Strong's Greek 1492: To know, remember, appreciate.

that
ὅτι (hoti)
Conjunction
Strong's Greek 3754: Neuter of hostis as conjunction; demonstrative, that; causative, because.

[the] Law
νόμος (nomos)
Noun - Nominative Masculine Singular
Strong's Greek 3551: From a primary nemo; law, genitive case, specially, (including the volume); also of the Gospel), or figuratively.

is
ἐστιν (estin)
Verb - Present Indicative Active - 3rd Person Singular
Strong's Greek 1510: I am, exist. The first person singular present indicative; a prolonged form of a primary and defective verb; I exist.

spiritual;
πνευματικός (pneumatikos)
Adjective - Nominative Masculine Singular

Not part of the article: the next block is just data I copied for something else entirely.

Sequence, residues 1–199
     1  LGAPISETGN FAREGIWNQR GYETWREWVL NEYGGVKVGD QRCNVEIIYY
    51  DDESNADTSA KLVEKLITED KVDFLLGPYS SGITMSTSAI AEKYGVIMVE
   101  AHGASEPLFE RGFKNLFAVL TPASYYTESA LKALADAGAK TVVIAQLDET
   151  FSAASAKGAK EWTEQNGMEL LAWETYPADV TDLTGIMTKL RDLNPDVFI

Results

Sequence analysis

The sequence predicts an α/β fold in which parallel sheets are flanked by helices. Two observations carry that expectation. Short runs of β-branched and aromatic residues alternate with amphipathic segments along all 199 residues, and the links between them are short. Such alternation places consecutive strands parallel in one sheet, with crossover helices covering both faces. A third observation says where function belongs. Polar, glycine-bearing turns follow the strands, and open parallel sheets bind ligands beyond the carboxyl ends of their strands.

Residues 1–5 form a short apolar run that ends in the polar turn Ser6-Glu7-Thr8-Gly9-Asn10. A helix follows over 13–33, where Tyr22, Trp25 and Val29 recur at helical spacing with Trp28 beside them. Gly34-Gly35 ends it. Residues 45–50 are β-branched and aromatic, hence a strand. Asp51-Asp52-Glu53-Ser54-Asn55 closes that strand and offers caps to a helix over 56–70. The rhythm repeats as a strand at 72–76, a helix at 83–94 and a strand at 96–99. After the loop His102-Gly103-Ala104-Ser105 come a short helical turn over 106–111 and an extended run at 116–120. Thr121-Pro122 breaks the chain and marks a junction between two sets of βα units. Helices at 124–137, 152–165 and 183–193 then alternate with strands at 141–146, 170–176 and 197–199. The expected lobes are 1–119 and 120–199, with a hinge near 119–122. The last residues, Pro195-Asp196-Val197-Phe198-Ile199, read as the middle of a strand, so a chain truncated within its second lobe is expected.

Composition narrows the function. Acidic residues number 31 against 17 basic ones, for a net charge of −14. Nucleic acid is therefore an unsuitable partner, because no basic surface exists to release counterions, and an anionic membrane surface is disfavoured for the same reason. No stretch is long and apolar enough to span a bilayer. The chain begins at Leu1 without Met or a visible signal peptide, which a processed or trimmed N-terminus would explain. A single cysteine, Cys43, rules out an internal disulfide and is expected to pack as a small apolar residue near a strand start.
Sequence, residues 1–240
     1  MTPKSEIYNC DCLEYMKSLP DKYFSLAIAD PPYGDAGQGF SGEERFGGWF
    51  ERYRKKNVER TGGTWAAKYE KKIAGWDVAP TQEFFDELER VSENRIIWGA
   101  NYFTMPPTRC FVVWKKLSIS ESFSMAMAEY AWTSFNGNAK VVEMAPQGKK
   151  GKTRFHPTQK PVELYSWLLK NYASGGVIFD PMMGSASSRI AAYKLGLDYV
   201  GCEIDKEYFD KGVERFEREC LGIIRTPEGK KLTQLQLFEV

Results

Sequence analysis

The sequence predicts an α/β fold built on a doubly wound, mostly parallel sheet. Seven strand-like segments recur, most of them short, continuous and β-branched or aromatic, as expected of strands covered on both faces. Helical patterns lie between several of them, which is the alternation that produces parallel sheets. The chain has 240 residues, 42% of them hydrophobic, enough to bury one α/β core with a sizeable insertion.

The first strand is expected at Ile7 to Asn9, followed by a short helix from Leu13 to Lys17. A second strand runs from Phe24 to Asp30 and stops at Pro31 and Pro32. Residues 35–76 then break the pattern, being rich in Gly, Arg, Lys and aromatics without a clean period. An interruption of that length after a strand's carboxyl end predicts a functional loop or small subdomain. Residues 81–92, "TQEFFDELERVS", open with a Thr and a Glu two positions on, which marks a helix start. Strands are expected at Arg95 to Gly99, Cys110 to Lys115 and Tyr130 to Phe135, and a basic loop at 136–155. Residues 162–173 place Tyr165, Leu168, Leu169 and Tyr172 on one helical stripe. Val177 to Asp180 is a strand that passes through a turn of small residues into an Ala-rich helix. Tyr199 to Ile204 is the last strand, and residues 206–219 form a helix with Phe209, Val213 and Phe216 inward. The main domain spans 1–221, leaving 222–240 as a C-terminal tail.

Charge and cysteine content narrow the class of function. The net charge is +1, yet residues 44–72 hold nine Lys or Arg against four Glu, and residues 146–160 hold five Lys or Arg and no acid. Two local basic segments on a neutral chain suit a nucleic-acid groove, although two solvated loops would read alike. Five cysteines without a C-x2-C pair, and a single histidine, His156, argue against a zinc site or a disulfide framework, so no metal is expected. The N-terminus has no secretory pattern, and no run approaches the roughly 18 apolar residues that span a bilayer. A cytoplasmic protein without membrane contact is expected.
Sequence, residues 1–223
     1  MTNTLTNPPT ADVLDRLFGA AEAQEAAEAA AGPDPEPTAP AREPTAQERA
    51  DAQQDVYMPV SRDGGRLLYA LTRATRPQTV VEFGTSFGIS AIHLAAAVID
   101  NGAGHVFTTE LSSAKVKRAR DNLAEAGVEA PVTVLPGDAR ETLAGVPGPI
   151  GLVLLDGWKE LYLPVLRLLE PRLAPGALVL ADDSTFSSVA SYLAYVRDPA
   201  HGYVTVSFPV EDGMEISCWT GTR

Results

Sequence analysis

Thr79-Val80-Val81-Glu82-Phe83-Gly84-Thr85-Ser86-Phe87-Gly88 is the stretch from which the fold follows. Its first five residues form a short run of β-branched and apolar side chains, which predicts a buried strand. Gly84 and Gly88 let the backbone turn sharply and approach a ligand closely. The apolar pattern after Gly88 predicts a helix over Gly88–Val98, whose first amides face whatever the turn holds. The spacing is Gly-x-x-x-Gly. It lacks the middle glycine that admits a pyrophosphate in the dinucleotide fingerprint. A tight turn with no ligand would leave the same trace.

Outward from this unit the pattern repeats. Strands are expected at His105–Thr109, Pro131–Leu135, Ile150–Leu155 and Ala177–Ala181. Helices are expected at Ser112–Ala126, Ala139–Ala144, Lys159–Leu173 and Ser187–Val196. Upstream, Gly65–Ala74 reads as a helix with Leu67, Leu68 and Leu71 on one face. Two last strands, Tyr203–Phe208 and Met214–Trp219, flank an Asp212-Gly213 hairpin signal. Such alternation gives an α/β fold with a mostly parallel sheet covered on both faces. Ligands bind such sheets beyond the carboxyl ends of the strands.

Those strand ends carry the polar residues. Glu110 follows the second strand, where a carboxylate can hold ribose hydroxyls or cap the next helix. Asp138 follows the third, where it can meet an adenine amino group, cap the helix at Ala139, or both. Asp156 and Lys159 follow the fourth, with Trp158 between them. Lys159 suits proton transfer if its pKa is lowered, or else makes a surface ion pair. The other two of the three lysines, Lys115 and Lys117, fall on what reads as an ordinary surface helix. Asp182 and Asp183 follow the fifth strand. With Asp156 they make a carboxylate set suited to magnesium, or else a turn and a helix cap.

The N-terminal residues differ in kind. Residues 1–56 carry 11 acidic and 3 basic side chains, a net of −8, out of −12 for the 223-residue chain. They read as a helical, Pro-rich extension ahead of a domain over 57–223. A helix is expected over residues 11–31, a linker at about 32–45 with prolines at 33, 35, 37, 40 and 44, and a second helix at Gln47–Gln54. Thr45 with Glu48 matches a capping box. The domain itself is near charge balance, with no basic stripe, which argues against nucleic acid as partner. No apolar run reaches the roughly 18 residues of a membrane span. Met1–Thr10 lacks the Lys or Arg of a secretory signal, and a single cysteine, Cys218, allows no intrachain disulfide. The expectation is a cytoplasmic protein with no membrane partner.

Strong's Greek 4152: Spiritual. From pneuma; non-carnal, i.e. ethereal, or a spirit, or supernatural, regenerate, religious.

but
δὲ (de)
Conjunction
Strong's Greek 1161: A primary particle; but, and, etc.

I
ἐγὼ (egō)
Personal / Possessive Pronoun - Nominative 1st Person Singular
Strong's Greek 1473: I, the first-person pronoun. A primary pronoun of the first person I.

am
εἰμι (eimi)
Verb - Present Indicative Active - 1st Person Singular
Strong's Greek 1510: I am, exist. The first person singular present indicative; a prolonged form of a primary and defective verb; I exist.

unspiritual,
σάρκινός (sarkinos)
Adjective - Nominative Masculine Singular
Strong's Greek 4560: Fleshly, consisting of flesh, carnal. From sarx; similar to flesh, i.e. soft.

sold as a slave
πεπραμένος (pepramenos)
Verb - Perfect Participle Middle or Passive - Nominative Masculine Singular